Nonfiction > Henry Craik, ed. > English Prose > Vol. V. Nineteenth Century
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Henry Craik, ed.  English Prose.  1916.
Vol. V. Nineteenth Century
 
Down Lewthwaite Crag
By Charles Kingsley (1819–1875)
 
From The Water Babies

A MILE off, and a thousand feet down.
  1
  So Tom found it; though it seemed as if he could have chucked a pebble on to the back of the woman in the red petticoat who was weeding in the garden, or even across the dale to the rocks beyond. For the bottom of the valley was just one field broad, and on the other side ran the stream; and above it, gray crag, gray down, gray stair, gray moor, walled up to heaven.  2
  A quiet, silent, rich, happy place; a narrow crack cut deep into the earth; so deep, and so out of the way, that the bad bogies can hardly find it out. The name of the place is Vendale; and if you want to see it for yourself, you must go up into the High Craven, and search from Bolland Forest north by Ingleborough, to the Nine Standards and Cross Fell; and if you have not found it, you must turn south, and search the Lake Mountains, down to Scaw Fell and the sea; and then if you have not found it, you must go northward again by merry Carlisle, and search the Cheviots all across, from Annan water to Berwick Law; and then, whether you have found Vendale or not, you will have found such a country, and such a people, as ought to make you proud of being a British boy.  3
  So Tom went to go down; and first he went down three hundred feet of steep heather, mixed up with loose brown gritstone, as rough as a file, which was not pleasant to his poor little heels, as he came bump, stump, jump, down the steep. And still he thought he could throw a stone into the garden.  4
  Then he went down three hundred feet of limestone terraces, one below the other, as straight as if a carpenter had ruled them with his ruler and then cut them out with his chisel. There was no heath there, but—  5
  First, a little grass slope, covered with the prettiest flowers, rockrose and saxifrage, and thyme and basil, and all sorts of sweet herbs.  6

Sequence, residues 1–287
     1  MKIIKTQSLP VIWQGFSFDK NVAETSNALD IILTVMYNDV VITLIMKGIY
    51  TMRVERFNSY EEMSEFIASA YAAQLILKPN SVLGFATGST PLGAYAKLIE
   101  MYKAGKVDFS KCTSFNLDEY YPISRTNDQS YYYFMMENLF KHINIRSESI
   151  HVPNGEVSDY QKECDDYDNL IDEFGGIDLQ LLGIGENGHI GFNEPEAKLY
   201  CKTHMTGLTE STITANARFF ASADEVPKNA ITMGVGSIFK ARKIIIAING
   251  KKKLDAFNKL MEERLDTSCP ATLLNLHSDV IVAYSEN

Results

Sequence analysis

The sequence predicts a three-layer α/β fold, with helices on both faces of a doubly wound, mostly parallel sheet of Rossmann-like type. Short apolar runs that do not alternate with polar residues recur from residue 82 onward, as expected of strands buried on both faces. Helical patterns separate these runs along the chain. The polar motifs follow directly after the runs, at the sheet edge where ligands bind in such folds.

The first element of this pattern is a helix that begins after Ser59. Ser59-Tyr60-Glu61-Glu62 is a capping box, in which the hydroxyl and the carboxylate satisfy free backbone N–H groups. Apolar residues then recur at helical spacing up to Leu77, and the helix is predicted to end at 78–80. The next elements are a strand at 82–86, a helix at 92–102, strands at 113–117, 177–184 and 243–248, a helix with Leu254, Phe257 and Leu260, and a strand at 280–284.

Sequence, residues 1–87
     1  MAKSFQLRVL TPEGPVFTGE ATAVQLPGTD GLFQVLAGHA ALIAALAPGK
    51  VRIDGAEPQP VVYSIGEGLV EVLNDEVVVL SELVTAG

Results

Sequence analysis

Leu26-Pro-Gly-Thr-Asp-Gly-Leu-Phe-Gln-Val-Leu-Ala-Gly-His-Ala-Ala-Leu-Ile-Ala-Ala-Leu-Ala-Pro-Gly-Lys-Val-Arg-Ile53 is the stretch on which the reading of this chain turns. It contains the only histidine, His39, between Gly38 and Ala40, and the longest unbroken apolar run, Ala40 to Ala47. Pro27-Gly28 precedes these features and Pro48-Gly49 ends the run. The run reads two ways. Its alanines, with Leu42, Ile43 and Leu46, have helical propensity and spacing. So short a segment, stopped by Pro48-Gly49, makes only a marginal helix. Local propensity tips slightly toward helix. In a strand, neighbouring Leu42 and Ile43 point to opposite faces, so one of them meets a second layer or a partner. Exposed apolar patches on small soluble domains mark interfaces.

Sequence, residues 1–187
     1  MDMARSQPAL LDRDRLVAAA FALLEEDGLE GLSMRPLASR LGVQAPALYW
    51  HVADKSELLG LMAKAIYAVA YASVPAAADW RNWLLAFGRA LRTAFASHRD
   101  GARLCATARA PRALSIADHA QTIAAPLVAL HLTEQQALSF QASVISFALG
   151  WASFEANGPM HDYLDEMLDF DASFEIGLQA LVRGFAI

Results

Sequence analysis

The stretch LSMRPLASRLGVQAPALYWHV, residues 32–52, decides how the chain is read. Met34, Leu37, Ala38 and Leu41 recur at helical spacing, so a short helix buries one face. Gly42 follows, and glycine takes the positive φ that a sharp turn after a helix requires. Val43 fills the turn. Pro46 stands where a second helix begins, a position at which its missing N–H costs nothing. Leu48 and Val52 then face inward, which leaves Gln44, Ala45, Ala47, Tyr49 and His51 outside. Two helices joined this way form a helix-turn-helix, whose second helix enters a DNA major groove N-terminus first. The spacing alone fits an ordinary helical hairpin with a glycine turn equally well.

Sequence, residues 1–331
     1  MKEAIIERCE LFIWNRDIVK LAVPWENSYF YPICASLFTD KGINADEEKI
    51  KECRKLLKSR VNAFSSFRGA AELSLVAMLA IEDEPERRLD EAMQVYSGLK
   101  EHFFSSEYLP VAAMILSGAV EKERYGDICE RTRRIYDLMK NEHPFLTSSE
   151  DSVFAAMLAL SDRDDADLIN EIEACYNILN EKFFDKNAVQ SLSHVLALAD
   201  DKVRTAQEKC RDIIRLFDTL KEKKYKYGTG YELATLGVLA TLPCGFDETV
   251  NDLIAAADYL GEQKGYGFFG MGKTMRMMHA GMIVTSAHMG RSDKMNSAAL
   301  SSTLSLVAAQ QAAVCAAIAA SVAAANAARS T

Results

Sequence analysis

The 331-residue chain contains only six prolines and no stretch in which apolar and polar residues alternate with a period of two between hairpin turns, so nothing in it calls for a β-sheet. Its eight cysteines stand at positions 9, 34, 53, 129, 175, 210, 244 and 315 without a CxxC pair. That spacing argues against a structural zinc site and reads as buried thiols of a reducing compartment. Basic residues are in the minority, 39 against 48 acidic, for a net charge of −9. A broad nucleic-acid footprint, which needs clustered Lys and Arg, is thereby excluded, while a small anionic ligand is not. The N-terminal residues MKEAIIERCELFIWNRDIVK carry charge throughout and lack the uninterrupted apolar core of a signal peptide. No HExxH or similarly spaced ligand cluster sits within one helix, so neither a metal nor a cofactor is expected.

Then bump down a two-foot step of limestone.  7
  Then another bit of grass and flowers.  8
  Then bump down a one-foot step.  9
  Then another bit of grass and flowers, for fifty yards, as steep as the house roof, where he had to slide down on his dear little tail.  10
  Then another step of stone, ten feet high; and there he had to stop himself, and crawl along the edge to find a crack; for if he had rolled over, he would have rolled right into the old woman’s garden, and frightened her out of her wits.  11
  Then, when he had found a dark narrow crack, full of green-stalked fern, such as hangs in the basket in the drawing-room, and had crawled down through it, with knees and elbows, as he would down a chimney, there was another grass slope, and another step, and so on, till—oh, dear me! I wish it was all over; and so did he. And yet he thought he could throw a stone into the old woman’s garden.  12
  At last he came to a bank of beautiful shrubs; white beam with its great silver-backed leaves, and mountain ash and oak; and below them cliff and crag, cliff and crag, with great beds of crown ferns and wood sedge; while through the shrubs he could see the stream sparkling, and hear it murmur on the white pebbles. He did not know that it was three hundred feet below.  13
  You would have been giddy, perhaps, at looking down; but Tom was not. He was a brave little chimney sweep; and when he found himself on the top of a high cliff, instead of sitting down and crying for his baba (though he never had any baba to cry for), he said—“Ah, this will just suit me!” though he was very tired; and down he went, by stock and stone, sedge and ledge, bush and rush, as if he had been born a jolly little black ape, with four hands instead of two.  14
 
 
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